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Building the Boardroom Business Case

Having previously tackled the issue of ‘Value Proposition’ in relation to building the boardroom business case for owning and operating a company aircraft- this month Jay Mesinger looks at the next developmental step: the ‘Mission Profile Analysis’.

Jay Mesinger   |   1st October 2010
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Jay Mesinger Jay Mesinger

Jay Mesinger is the CEO and Founder of Mesinger Jet Sales. With over 40 years’ experience in the...
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This first and formative step towards owning and operating a company aircraft - assessing the ‘Value Proposition’ - allows the boardroom participants to vet the value of owning and operating a company aircraft- thereby giving Directors confidence to proceed with further analysis. The next developmental step- here referred to as the ‘Mission Profile Analysis’- helps focus the team on the process of choosing the best aircraft to meet the company’s needs.

The development of the Mission Profile is like creating a recipe for a meal. Without considering the number of people dining- or taking into account their specific dietary needs there may be too much of the wrong food or too little of what would make the meal perfect.

The same is true when determining the right corporate aircraft for your business application. What begins seeming an over-simplistic exercise ends yielding the analytics necessary for the decision-making process- which is now supported by facts- and defendable to shareholders.

The development of the Mission Profile begins by assessing and building the annual hours-flown equation and determining which category of business aircraft will fit the mission. Setting up this analysis requires the group to consider past travel use as well as future needs - potentially factoring fluctuating business markets such as international growth- or the corporate decision to allow greater depth in use by authorizing associates more access to the company’s aircraft.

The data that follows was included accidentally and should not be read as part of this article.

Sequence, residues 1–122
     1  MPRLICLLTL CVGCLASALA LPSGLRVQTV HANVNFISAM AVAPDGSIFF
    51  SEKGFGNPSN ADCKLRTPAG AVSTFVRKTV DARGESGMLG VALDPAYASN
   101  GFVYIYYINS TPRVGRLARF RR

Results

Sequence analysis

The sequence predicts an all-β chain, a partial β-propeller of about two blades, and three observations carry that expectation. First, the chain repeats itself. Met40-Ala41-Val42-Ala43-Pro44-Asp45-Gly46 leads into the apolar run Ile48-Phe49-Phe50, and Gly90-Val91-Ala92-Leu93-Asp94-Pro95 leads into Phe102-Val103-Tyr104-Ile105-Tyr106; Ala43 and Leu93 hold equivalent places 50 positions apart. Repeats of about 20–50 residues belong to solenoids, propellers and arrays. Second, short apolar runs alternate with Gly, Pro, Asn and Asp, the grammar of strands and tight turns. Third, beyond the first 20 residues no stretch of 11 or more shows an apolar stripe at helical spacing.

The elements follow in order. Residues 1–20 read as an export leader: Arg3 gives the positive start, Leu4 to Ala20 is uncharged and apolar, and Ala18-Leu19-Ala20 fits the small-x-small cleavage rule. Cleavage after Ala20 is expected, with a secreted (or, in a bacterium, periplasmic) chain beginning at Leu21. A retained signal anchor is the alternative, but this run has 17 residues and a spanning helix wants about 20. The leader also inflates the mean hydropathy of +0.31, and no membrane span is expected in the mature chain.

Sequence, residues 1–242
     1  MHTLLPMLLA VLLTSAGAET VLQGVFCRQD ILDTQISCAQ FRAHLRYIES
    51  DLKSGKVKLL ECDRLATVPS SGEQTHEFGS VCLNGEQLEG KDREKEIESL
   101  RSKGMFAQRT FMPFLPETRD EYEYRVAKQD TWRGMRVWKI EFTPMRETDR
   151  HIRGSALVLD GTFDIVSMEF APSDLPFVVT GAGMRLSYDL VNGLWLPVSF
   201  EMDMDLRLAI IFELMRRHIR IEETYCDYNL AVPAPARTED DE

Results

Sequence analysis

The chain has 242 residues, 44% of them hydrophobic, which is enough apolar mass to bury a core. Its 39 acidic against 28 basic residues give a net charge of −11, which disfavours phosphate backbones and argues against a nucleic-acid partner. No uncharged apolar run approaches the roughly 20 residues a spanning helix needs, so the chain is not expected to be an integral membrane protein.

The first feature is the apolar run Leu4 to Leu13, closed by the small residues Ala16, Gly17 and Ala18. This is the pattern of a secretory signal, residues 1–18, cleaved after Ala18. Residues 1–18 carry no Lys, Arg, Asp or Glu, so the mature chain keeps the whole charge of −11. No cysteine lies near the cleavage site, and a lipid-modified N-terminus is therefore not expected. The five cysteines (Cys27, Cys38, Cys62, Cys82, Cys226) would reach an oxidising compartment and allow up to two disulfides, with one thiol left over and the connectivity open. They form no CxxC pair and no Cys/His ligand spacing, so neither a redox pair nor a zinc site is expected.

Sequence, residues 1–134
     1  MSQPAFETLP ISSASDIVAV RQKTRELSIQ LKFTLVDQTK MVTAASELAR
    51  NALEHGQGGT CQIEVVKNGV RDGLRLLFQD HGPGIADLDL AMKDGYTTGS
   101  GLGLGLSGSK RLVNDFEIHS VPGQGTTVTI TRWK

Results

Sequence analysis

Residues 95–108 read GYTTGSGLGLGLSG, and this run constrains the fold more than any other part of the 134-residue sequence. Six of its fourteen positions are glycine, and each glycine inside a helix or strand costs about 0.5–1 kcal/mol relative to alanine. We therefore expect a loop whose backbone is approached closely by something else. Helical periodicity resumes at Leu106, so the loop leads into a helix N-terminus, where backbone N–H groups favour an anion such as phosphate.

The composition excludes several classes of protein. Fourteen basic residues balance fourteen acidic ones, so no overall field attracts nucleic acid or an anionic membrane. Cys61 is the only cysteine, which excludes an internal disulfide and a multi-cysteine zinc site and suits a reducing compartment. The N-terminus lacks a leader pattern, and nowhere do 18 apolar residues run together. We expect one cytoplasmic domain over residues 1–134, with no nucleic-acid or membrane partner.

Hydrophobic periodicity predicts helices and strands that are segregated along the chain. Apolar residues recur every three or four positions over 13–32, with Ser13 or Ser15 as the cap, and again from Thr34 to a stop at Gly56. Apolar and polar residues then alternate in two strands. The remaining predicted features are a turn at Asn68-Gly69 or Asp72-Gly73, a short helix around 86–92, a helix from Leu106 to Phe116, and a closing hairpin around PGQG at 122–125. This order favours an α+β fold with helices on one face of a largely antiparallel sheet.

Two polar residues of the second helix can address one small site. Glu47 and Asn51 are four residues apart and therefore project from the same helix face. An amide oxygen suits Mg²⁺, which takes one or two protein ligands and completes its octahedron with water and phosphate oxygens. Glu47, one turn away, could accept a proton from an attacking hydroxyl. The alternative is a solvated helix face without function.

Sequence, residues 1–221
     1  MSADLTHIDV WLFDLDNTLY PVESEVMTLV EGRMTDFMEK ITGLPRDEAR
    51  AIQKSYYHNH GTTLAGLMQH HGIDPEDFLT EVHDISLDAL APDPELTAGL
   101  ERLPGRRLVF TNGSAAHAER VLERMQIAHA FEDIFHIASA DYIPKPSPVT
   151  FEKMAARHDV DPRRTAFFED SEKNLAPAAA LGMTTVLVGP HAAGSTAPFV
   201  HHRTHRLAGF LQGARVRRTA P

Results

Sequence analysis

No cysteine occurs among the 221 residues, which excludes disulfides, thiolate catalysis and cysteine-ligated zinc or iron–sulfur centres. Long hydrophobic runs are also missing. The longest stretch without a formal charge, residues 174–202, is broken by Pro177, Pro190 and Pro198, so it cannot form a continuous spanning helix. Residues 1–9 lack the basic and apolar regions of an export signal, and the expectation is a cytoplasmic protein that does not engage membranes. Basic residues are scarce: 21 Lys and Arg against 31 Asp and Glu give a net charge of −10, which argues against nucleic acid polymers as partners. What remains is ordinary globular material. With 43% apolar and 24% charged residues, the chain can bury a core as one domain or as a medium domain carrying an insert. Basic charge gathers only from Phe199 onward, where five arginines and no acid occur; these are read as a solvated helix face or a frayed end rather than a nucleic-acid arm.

Once all those who will have access to the aircraft have been interviewed- their input is committed to a form listing city pairs traveled- and the frequency said city pairs will be visited annually. Flight plans can then be created by either the aircraft sales professional helping in this process- or if this work is not being done to facilitate a first-time acquisition but merely a fleet transition analysis- the flight department can prepare the flight plans based on these city pairs.

Once each of these plans is created- they will yield the flight-time between the cities and the frequency each pair will be traveled. This study will provide the team with the proposed annual use of the aircraft- and provide the analyst with the necessary data to present to the management team- thus enabling decisions to begin to be made regarding size and capability of the aircraft being considered. Decisions about requirements for range and cabin size can begin to be formulated.

One rule of thumb we use in strategic planning is that one should buy based on 70% of the projected use. If 15% of the proposed use is international travel and 15% is coast-to-coast domestic travel- but 70% of those trips are two hours (or less) in flight time- the target aircraft should effectively hit the mark of the two-hour flight requirement. On the coast-to-coast flights the choice might be to stop and refuel- and on the international legs the efficient answer might be to fly commercially or charter an aircraft.

If you buy an aircraft based on your 30% travel needs- you would probably be overbuying - and costs to buy and operate may well out-weigh the proposed value.

Consider cabin size also using the 70% rule. The group must bear in mind the number of passenger seats for that percentage of use as well as other comfort and cabin needs: Galley- full lavatory- and stand up cabin features must all be taken into account. Soon what begins to take shape are the categories of aircraft that can be considered. Small- medium or large cabin aircraft will need to be sorted through matching the 70% rule with the available aircraft choices.

Since buying and selling aircraft have distinct costs- some thought about growth estimates for the next three-to-five years should be considered carefully at this juncture. Given training costs- brokerage commissions as well as staffing requirements- changing aircraft frequently should be avoided.

Once the category of aircraft has been chosen- the Board-team can begin the final step in the analysis: development of the budget for purchase and operation- not only including capital costs for purchase- but also modernization and upgrade costs throughout the ownership period.

Next month- we will focus on helping the Board shape the budget for purchase and operation- and finally make the decision regarding aircraft ownership- as well as review other options available to the corporation. Each of these tools gives the Board vision and balance to maximize success.


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